I’m not writing this post to complain about these people. I’ve carried these experiences as lessons to be learnt. Ways to improve myself from the days I spent as a young child blindfolding myself or closing my eyes to exercise my interactions with sounds through my ears rather than through my eyes. With enough of these experience pile up, I become aware of my positions in the soundscape of a cacophonous and overwhelming society. How I interact with these sounds plays out in how I manage my positions. I sat in the front as so sounds behind me would hit the back of my head and keep my focus on the sounds in front of me. In large lecture halls, I approach students asking questions as not to miss out or be confused by their words.

Turning away to write down notes temporarily removes me from the sounds in a classroom. It’s a pause for me, but in an aural society, it’s a form of detachment where I’ve become perceived as refusing to listen.

I’ve found sounds—and by extension, my listening—is closely tied with the space I’m in. I cannot tell you how many times I’ve walked in a busy mall or street with another person and “readjusted” myself to the left side of the person so I could listen with my right ear (my stronger ear). This semester, I taught a class where I had tremendous difficulty in hearing the students and relied more on lip-reading than hearing. It was not until I visited a classroom at Rochester Institute of Technology where I was giving a guest lecture, when I became aware of how classroom architecture can impact listening, learning, and engagement.

This classroom was brightly lit, nearly soundproof from external noises, and without the incessant buzzing of fluorescent lights, overhead projectors, or outside traffic din. Students desks were neatly aligned so that while standing in front of the room, I could hear and see all of them. The professor who invited me for the guest lecturer told me that students, who were a mix of deaf, hard-of-hearing, and hearing, usually rearrange themselves so that they’re sitting against the walls of the class, facing each other to communicate and engage better. I was marvelled at this. My own classroom was poorly lit, messy, and constantly drowned out by several noises that irritated me and prevented proper engagement with the students. At first I thought my digital hearing aids prevented me from hearing the students well, but when speaking with them in the hallway, I had no problems.

Soundscape and architecture, I find, helps us to understand the interactions of people with hearing loss in an incredibly aural society. Being aware of these spaces, I hope, will allow me to fit more into this aurality…and receive the courage to speak out next time someone dares to throw chalk at me.

Auricular Training & The Little Deaf Child

I came across a copy of The Little Deaf Child: A Book for Parents, a short book published in 1928 reassuring parents of deaf children that with proper training and education, there was hope for their children. The book was written by John Dutton Wright (1866-1952), the founder and director of the Wright Oral School in New York City, which was established in 1902. The school was originally the Wright-Humason School, founded in 1892 jointly by Wright and Thomas A. Humason on 42 West 77th Street, New York City. The school had a limited enrollment of 25-30 pupils; Helen Keller was one of the pupils, trained to read with her fingers and improve her speech.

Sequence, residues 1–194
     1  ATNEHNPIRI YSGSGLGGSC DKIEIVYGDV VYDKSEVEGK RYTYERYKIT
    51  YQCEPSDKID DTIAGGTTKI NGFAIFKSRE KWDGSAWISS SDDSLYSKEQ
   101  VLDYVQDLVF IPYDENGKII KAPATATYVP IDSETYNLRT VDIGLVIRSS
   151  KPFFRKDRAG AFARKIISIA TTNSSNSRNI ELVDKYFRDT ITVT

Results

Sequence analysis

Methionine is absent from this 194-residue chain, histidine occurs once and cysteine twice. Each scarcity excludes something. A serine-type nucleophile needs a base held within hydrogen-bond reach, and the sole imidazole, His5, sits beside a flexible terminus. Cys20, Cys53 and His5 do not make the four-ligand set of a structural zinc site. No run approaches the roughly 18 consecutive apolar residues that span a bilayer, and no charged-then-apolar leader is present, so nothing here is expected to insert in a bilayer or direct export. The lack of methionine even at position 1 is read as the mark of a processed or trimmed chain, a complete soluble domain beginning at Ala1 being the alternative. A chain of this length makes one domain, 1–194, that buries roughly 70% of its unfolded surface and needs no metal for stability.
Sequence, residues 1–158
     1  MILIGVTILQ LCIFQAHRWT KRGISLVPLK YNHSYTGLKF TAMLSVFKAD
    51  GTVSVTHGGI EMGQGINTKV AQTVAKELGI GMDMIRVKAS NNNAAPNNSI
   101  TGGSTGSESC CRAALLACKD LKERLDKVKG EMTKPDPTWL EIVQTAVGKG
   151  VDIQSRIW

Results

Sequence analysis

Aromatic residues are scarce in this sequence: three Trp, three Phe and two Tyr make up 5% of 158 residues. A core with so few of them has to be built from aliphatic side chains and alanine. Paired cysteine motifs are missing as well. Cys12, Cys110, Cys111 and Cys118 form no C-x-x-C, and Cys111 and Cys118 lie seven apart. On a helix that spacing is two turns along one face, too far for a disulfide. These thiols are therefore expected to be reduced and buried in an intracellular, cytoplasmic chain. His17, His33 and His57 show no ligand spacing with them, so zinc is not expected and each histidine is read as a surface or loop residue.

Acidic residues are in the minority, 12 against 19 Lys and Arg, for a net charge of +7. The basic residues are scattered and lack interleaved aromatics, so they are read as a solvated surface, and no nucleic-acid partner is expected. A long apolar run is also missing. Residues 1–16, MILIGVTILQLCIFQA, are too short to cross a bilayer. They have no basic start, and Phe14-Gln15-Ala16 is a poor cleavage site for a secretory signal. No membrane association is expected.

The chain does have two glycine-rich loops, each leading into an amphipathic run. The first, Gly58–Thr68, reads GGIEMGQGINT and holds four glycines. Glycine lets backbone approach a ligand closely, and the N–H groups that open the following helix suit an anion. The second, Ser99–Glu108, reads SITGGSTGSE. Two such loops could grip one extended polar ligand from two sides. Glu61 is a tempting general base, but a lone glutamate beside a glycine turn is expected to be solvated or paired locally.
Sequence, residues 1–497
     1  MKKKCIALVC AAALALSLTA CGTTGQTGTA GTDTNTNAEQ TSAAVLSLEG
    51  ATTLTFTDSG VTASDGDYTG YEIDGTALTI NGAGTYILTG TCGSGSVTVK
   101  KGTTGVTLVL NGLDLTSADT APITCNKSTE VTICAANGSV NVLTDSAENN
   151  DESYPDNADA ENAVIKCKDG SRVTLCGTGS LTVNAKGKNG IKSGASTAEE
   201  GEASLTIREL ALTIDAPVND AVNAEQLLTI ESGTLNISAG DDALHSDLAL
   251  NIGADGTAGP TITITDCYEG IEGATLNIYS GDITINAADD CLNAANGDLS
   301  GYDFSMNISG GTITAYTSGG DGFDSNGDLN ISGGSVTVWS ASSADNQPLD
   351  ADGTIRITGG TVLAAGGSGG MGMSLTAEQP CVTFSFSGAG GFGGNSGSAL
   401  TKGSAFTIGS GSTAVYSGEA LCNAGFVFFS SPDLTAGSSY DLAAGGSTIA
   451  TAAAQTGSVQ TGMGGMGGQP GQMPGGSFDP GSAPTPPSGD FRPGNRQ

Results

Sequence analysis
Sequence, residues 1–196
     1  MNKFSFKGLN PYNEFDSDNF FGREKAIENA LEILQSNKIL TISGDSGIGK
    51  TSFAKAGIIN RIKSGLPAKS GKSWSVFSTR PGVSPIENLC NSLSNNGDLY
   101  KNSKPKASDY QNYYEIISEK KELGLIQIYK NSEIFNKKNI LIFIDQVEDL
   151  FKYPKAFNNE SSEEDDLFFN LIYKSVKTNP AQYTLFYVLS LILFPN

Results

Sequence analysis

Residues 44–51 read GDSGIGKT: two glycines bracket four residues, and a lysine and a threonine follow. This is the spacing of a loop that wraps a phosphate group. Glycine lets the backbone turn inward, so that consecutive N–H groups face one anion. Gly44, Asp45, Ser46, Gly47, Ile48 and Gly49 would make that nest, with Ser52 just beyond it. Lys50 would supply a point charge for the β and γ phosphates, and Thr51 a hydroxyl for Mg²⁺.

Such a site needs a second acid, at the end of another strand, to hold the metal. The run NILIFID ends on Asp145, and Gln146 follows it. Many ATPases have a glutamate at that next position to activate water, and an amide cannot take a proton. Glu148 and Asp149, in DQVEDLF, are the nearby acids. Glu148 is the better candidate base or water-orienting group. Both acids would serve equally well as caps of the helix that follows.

John Dutton Wright. The autograph reads: "May this little book bring new courage for old despair."
John Dutton Wright. The autograph reads: “May this little book bring new courage for old despair.”

Wright begins The Little Deaf Child with a simple direction: “Please read the book through from beginning to end before trying to put its suggestions into practical operation in teaching a child. You must educate yourself before you can teach another.” The book follows the earlier slim books written by Wright: Handbook of Speech Training to the Deaf and Handbook of Auricular Training, which were directed to physicians in the hopes of counselling them how to advise parents of deaf children in both medical and educational options. In addition, The Little Deaf Child follows up from Wright’s 1915 publication, What the Mother of a Deaf Child Ought to Know (iTunes podcast also available), an original manuscript during the time offering advice to mothers to master their relationships with a deaf child. According to Wright, “It was not much of a book, but it was the only thing of its kind in print, and has been purchased by people all over the world. It has been translated into Japanese and Mahrati.”

The Little Deaf Child offers guidelines to parents in terms of training and education of young deaf children, for “[v]ery much can be done along these lines at home while the child is yet too young for school and this is where I hope this little volume may be of some service to the perplexed mother, wholly inexperienced in the situation which confronts her” (17). Wright divides the training of the young deaf child in to three periods: (1) For the first two years of life; (2) for the third and fourth years of life; (3) for the fifth year of life. By the time the child reaches age six, it is best to enter the child into one of the special schools for the deaf, or, if preferred, for the parent to employ a specially trained and experienced teacher in the home.